ruc·​tion | \ˈrək-shən \

Definition of ruction 

1 : a noisy fight

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English offers up a scramble of colorful words for what can happen when tempers spill over. For example, we have melee, fracas, donnybrook, ruckus, and one especially for baseball fans, rhubarb. Ruction is rarer than most of these. Etymologists speculate that ruction came to English in the early 19th century as a shortening and alteration of another word suggesting an episode of violence: insurrection. The earliest uses of ruction specifically make reference to the Irish Rebellion of 1798, an uprising against British rule on that island. Ruckus came later, toward the end of the 19th century, and was probably formed by combining ruction with rumpus.

Examples of ruction in a Sentence

the ruction ended with everyone involved getting arrested the ruction outside the door prompted me to investigate what was going on

Recent Examples on the Web

More ructions in its fixed income and currency markets, this time with the Fed deep into its tightening cycle and little relief in sight, would be far more worrisome. Nathaniel Taplin, WSJ, "A Stock Market Crash With Chinese Characteristics," 9 July 2018 But this year’s ructions in global markets started with a steep climb in bond yields in part due to rising inflation. Richard Barley, WSJ, "Investors Have Become Too Complacent About Inflation," 11 July 2018 That negative opinion of Mourinho could, therefore, impact any chances that United have of signing Bale if the forward elects to depart Santiago Bernabeu this summer, and cause more ructions between United's board and Mourinho himself., "Reports Claim Man Utd Bale Deal May Hinge on Zidane's Real Future & Mourinho's Shaw Treatment," 24 Mar. 2018 But the evidence from Asia in recent days suggests that rising trade tensions and European market ructions haven’t yet turned slowing growth into a full-on rout. Nathaniel Taplin, WSJ, "Global Growth Isn’t Dead Yet," 8 June 2018 Having signed a £350,000-a-week contract back in February, the German's new deal divided the Arsenal dressing room, with ructions between players arriving as a result of the huge amount of money given to the inconsistent playmaker., "Aaron Ramsey in Line for New 5-Year Deal at Arsenal After Being Identified as Key Man by Unai Emery," 31 May 2018 Italy’s political ructions have turned a gain of 2.8% for the country’s bonds at the start of May into a near-1% decline, ICE BofAML indexes show. Richard Barley, WSJ, "What Is Happening to Global Growth?," 23 May 2018 However, the threat of wholesale changes caused ructions throughout the sport before the decision was announced. Rob Hodgetts, CNN, "Olympic sailing overhauled in 'gender equity' drive for Paris 2024," 15 May 2018 Dudamel’s reluctance to engage in the political ructions of his native country was a rare point of vulnerability until last year, when his criticism of President Maduro led to the cancellation of two tours with the Bolivár orchestra. Fergus Mcintosh, The New Yorker, "L.A. Phil’s Superstar Conductor Returns to New York," 21 Apr. 2018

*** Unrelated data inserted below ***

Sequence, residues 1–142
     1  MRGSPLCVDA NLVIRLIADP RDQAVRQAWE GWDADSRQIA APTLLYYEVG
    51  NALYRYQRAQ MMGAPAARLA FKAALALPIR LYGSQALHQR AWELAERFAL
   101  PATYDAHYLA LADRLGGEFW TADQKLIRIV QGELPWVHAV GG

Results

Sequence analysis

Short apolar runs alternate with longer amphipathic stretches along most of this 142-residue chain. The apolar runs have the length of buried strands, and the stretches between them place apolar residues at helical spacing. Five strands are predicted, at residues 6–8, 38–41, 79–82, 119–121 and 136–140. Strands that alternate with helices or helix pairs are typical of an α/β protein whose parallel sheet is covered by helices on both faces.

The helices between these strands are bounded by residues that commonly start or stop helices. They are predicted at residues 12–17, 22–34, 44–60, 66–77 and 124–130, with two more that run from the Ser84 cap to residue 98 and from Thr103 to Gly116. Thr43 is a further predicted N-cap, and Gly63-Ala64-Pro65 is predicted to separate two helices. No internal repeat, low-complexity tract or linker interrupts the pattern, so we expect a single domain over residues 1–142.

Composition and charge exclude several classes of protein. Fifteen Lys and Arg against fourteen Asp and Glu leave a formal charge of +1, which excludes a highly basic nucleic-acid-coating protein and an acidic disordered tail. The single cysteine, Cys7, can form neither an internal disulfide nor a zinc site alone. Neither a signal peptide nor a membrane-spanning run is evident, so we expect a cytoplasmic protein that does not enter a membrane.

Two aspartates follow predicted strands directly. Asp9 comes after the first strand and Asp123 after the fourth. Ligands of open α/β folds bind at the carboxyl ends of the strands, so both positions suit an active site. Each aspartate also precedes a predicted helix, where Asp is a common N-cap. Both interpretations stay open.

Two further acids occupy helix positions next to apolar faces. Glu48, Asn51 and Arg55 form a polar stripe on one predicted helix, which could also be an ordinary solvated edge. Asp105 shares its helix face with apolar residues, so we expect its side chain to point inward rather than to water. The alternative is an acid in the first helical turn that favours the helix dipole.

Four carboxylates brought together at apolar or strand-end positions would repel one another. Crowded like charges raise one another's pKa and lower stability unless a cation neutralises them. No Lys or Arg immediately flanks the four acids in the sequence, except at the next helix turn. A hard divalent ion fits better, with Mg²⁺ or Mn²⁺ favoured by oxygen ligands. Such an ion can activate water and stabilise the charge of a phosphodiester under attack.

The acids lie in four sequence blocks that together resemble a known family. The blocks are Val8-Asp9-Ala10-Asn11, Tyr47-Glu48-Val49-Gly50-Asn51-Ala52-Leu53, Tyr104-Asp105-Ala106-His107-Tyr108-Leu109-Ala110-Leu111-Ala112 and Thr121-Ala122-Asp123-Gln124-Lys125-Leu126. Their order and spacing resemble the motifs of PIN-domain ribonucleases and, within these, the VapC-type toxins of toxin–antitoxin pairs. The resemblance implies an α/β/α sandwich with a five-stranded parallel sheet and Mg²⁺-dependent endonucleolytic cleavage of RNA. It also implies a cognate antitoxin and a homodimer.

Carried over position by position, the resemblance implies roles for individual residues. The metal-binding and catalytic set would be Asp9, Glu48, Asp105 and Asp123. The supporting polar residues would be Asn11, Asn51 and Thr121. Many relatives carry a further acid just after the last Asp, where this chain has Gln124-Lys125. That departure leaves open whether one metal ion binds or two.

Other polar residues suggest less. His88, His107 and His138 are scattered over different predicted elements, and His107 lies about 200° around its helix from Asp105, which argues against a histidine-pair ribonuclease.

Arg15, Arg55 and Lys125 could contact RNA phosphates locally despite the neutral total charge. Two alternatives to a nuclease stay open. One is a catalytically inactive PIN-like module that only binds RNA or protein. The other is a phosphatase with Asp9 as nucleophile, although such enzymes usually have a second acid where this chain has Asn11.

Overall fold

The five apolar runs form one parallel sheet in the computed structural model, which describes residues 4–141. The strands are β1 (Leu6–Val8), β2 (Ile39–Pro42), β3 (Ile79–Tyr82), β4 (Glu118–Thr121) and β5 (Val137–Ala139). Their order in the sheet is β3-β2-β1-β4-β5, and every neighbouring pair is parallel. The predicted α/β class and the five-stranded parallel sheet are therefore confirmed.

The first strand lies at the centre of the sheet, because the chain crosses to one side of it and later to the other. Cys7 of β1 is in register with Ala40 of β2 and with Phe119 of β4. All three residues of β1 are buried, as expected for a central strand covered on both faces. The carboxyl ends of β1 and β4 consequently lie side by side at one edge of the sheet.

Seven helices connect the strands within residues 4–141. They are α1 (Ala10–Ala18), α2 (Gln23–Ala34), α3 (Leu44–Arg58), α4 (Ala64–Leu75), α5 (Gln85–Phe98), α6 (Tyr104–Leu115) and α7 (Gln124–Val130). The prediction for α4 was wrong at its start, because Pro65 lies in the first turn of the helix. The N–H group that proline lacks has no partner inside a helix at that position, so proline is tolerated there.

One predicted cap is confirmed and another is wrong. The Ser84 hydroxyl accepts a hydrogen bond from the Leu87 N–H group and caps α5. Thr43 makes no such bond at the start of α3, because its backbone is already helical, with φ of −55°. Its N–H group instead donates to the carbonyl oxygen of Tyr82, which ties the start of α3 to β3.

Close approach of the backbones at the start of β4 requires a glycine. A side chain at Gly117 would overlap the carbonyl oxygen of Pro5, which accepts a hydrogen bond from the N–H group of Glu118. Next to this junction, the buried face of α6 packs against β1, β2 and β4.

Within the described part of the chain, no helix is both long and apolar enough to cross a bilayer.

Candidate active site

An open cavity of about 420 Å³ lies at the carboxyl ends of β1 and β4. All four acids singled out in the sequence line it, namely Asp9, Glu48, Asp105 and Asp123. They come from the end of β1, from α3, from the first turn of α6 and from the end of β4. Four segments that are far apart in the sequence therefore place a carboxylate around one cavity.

These example sentences are selected automatically from various online news sources to reflect current usage of the word 'ruction.' Views expressed in the examples do not represent the opinion of Merriam-Webster or its editors. Send us feedback.

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First Known Use of ruction

circa 1825, in the meaning defined at sense 2

History and Etymology for ruction

perhaps by shortening & alteration from insurrection

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The first known use of ruction was circa 1825

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to clear from alleged fault or guilt

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